Ferghettina is Franciacorta's best bubbly

Franciacorta
I may have saved the best for last.  Franciacorta is a wine district located not far from Lake Como.  It produces Italy’s Lamborghini of sparkling wine.  Made in the same labor-intensive method used for Champagne, Franciacorta is expensive but is worth every Euro.   I’ve bought my favorite, Ferghettina Rosé, for tonight’s bubbles.    

Viva Lombardia  !    Viva Lago di Como !


Saturday, September 5, 2020

Eat, Sip, Relax: the Italian Riviera



I planned to be on Italian Riviera this week with three friends for a week of R&R at a glorious villa with forever views...until the EU banned Americans.   To honor this "lost week," I am writing about the experience I was to have had....and am spending the week cooking meals to pay hommage this trip. 

 Extending from the French border to Tuscany, the Italian Riviera was to have been a perfect spot to overcome jet lag.   With the exception of the Cinque Terre and the city of Genoa, this 200 mile coastline (known as Liguria to Italians) is dotted with romantic fishing villages, sandy beaches, and dramatic rocky cliffs.  Hillsides are covered with basil, rosemary, thyme and marjoram…all of which provide the fragrance of the Ligurian kitchen.  While we’ve come to relax, we're all serious foodies who have also come to partake of the region’s delicious cuisine and its glorious white wine, Vermentino.


                    Trofie, a hand-rolled twisted pasta, with pesto is a classical Ligurian specialty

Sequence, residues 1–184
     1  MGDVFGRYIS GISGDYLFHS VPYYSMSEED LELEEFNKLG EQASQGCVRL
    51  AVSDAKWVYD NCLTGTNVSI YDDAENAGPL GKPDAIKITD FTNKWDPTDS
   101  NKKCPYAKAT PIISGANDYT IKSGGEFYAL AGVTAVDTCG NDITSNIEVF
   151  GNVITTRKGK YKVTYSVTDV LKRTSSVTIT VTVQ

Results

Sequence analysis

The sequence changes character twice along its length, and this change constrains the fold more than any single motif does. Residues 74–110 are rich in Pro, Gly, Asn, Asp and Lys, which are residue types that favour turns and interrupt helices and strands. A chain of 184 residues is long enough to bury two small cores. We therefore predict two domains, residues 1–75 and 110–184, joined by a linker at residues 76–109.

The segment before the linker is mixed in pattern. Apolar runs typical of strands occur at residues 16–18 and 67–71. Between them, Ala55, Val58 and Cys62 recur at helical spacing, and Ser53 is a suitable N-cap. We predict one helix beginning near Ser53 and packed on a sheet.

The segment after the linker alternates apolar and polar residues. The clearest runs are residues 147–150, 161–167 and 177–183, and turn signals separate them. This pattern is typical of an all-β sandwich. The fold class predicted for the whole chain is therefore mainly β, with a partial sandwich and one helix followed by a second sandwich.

One of the foods that places Liguria in Italy’s Gastronomic Hall of Fame is pesto.  Pesto was invented in Liguria and the region’s small leaf basil has a cult following.
Is this local basil variety the reason why pesto always tastes so better on the Italian Rivera?   Or, is the reason the fact that many Ligurian chefs add walnuts to the mix of pine nuts?   Liguria’s prized olive oil (used by many Michelin star chefs) may also have a bearing--it’s much more delicate and sweeter than other Italian oils.  Perhaps, however, it’s the Riviera's drop-dead gorgeous seaviews and smell of the cool Mediterranean air that make eating a bowl of pesto pasta so pleasurable? 


                                            Foccaceria's often specialize in certain toppings

A close runner-up for catapulting the Italian Riviera into Italy's shrine for gastronomy is focaccia.   Like pesto, focaccia has Ligurian roots.  Visit the town of Recco and you’ll be welcomed by a huge sign proudly declaring it the place where focaccia was first created.  Walk into a foccacceria and one often finds a mesmerizing selection (the best are cooked in wood-fired ovens) such as carmelized onion, olive, cheese, fresh Ligurian anchovies, sun-dried tomato…and of course, pesto.


                           Nightly "aperitivos" on the villa's terrace will have to wait for another time

The perfect pairing for both pesto and focaccia is a glass of Vermentino.  I’ve written too many articles to count on this seductive Ligurian white varietal.   Reminiscent of a Sauv Blanc without the grassy herbaceous notes, Vermentino offers a luscious citrus profile...mixed with stone fruit (think peach), floral scents, and a characteristic almond nuance.   Vermentino screams the Italian Riviera.


                                      Amaretti are small, addictive almond biscuit-like treats

Ready for a delectable Ligurian dessert?  One of the most famous Italian sweets is amaretti.  In my mind, Liguria’s rendition is the best because it’s softer and moister than the harder, dry varieties from neighboring districts.  One of the most famous makers of amaretti in all of Italy is the Sassello company.  Located in Liguria, Sassello has been making amaretti since 1860.  These amaretti are easily recognized by their colorful paper coverings with fringed-edges, and their attractive Art Noveau tins.

Viva the Italian Riviera!  Liguria !